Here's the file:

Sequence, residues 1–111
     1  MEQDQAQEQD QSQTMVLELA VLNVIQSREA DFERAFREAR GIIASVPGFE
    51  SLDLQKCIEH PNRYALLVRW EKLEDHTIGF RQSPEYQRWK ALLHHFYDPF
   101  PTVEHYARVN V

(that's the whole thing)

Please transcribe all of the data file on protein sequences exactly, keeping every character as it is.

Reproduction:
Sequence, residues 1–111
     1  MEQDQAQEQD QSQTMVLELA VLNVIQSREA DFERAFREAR GIIASVPGFE
    51  SLDLQKCIEH PNRYALLVRW EKLEDHTIGF RQSPEYQRWK ALLHHFYDPF
   101  PTVEHYARVN V